How QA Teams Can Use Software Monitoring Tools

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If you work in QA, you’re probably accustomed to thinking of software monitoring as someone else’s job. Traditionally, responsibility for monitoring applications fell to IT teams; QA’s role ended with pre-deployment testing, and QA engineers did not usually touch monitoring tools.

But the reality is that monitoring tools—meaning tools designed to help track application availability and performance, and also alert teams to problems—aren’t just for IT teams. They can also help QA engineers do their jobs more effectively.

Here’s a look at how monitoring tools like Prometheus, Sumo Logic, and Splunk can help QA, as well as the challenges QA teams should be aware of when working with monitoring tools and the data they produce.

How monitoring tools help with software QA

Even though QA engineers are used to working primarily with software testing tools rather than monitoring tools, the latter can nonetheless help QA to do their jobs better in several ways.

Tracking QA’s impact on application quality

Perhaps the most obvious is the role that monitoring tools can play in helping to track the impact that QA has on application quality.

Without monitoring tools and data, software delivery teams are shooting in the dark—or at least the twilight —when it comes to determining the relationship between what the QA team is doing and the quality of production applications. There is no systematic way to know how the introduction of a new testing routine or the migration of a test suite from manual to automatic impacts the reliability, usability, or performance of the application. You might be able to infer some relationships between QA processes and application quality, but those inferences will be subjective and ad hoc.

When the QA team systematically monitors the application in production instead of just during testing, however, it becomes much easier to draw relationships between QA processes and application quality. Whenever QA changes something, monitoring data can be used to interpret the impact of the change.

This adds up to a more effective way of planning QA operations and determining what is working and what isn’t.

Establish universal KPIs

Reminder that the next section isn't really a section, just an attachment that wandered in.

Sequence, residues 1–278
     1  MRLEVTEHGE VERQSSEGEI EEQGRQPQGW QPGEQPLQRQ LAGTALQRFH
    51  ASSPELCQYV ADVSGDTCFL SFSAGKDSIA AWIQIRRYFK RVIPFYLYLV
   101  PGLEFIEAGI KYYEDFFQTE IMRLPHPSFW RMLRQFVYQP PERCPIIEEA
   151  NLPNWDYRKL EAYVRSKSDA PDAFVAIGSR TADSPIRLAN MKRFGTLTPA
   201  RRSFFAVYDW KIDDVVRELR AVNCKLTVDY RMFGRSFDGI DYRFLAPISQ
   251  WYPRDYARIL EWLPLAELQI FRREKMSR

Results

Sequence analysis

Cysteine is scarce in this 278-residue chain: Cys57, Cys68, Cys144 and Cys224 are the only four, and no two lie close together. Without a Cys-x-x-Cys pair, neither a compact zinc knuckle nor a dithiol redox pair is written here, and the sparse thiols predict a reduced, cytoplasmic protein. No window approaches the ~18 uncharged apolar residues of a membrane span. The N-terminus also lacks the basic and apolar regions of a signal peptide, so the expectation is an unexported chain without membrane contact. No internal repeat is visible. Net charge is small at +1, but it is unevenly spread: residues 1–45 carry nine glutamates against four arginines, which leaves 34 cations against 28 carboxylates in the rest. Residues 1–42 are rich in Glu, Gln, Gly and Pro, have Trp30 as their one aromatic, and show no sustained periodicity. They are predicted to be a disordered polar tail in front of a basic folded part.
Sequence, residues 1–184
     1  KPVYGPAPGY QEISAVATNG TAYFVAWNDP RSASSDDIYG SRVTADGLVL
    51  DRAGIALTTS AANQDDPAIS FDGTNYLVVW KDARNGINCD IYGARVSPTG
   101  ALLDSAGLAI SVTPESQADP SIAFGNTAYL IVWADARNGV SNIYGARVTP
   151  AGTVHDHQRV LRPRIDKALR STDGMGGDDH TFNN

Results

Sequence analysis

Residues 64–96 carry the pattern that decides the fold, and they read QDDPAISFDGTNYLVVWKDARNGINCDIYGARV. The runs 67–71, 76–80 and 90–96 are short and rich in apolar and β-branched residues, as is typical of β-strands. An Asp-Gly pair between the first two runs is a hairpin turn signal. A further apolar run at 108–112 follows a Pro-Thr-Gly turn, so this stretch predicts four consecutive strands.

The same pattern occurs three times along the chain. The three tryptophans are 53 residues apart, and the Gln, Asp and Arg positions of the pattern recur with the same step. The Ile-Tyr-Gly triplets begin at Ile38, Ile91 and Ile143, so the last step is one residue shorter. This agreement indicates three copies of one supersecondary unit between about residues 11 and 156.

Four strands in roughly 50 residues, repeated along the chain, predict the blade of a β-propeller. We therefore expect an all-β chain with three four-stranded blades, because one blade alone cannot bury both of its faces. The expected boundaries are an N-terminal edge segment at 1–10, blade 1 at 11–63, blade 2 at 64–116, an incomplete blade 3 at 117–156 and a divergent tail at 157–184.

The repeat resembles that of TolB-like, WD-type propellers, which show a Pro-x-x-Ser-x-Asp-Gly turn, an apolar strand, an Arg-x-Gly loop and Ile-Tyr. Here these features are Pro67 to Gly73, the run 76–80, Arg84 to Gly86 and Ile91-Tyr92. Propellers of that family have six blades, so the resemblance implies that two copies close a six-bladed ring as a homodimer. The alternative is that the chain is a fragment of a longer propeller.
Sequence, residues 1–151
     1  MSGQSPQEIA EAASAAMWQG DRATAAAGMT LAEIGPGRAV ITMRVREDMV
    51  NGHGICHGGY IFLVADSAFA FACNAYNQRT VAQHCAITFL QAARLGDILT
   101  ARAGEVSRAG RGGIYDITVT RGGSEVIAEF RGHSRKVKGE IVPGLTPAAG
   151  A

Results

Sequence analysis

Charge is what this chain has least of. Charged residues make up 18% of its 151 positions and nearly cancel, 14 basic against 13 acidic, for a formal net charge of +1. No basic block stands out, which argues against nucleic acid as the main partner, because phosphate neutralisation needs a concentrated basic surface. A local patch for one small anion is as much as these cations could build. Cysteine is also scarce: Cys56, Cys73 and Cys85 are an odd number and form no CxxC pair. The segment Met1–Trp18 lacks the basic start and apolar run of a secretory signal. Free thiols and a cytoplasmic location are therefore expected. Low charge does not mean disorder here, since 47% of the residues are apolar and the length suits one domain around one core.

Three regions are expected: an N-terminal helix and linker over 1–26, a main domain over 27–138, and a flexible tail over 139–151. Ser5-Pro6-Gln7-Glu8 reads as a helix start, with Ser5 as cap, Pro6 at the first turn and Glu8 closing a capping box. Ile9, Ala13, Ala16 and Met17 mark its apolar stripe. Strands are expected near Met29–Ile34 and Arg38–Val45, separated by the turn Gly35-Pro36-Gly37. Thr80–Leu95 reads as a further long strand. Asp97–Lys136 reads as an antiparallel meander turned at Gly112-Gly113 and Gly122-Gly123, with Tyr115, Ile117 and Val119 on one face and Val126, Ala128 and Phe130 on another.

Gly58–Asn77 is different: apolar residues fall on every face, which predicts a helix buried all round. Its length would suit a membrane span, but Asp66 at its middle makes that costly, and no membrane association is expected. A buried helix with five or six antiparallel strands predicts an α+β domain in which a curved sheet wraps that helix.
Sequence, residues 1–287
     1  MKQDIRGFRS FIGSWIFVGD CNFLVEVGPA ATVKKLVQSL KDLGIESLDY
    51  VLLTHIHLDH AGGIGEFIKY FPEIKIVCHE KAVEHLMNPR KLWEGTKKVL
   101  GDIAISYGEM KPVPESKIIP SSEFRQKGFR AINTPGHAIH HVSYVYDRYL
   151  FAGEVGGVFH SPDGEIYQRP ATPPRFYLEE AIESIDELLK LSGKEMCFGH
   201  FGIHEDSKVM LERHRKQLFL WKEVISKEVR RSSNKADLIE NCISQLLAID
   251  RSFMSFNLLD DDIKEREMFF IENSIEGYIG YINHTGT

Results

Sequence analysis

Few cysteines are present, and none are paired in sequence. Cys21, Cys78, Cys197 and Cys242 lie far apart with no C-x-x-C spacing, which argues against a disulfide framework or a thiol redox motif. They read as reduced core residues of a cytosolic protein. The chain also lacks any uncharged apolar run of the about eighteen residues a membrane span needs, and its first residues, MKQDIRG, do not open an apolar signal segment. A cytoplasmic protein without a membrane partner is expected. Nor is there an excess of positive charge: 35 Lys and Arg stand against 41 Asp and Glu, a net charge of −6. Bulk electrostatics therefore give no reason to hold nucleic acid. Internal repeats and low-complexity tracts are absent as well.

One common challenge in DevOps delivery pipelines is establishing metrics that can be used to track code quality at all stages of the pipeline. When developers use one set of tools to track progress, while QA uses another, and IT uses still another, it’s impossible to construct a single body of data that reflects application quality across the pipeline.

By using monitoring tools, however, QA teams can help solve this problem. They can work with IT engineers to establish a common set of KPIs that everyone will use to measure application health and performance. QA can then write tests that focus on evaluating those KPIs before an application is released, while IT tracks the same KPIs post-deployment. Developers can also participate by focusing on the KPIs when they write new code.

Justify investment in QA

Using monitoring tools to track QA’s impact on application quality and establish universal KPIs supports the goal of demonstrating the value of QA. In a world where developers and IT Ops engineers (the two nominal ingredients in the DevOps formula) get all the love, there is a constant pressure at many organizations to justify investment in QA. Monitoring tools can play a large role in helping to do that.

The perils of monitoring tools for QA

It’s worth noting that there is a flipside to the benefits described above. When disconnected from the QA process, monitoring tools can also be used to make a case against QA.

The argument here is simple (and familiar to some QA engineers): when your monitoring tools are sophisticated enough, you don’t need QA at all. This is an increasingly common talking point, especially among modern APM vendors who promise that their monitoring tools can enable such intelligent monitoring and fast resolution of issues that having QA teams vet code thoroughly before release isn’t even necessary.

While this may make monitoring tools seem like a threat to QA, it’s also exactly the reason why QA teams need to embrace monitoring tools and make sure that they reinforce rather than replace the traditional QA process. Even the most sophisticated monitoring tools are not a substitute for software testing. APM tools can’t fix problems before they are in production. They are also of little use for troubleshooting certain types of issues that QA excels at finding and addressing before deployment, such as usability testing.

Conclusion

The bottom line: although monitoring tools may sometimes seem like a threat to QA, they’re an increasingly important complementary resource for QA engineers. With the help of monitoring tools, QA engineers can make the overall importance of QA clearer, tie the QA process more directly to application quality in production, and collaborate more seamlessly with developers and the IT team.

http://www.fixate.io

Chris Tozzi has worked as a journalist and Linux systems administrator. He has particular interests in open source, agile infrastructure and networking. He is Senior Editor of content and a DevOps Analyst at Fixate IO.


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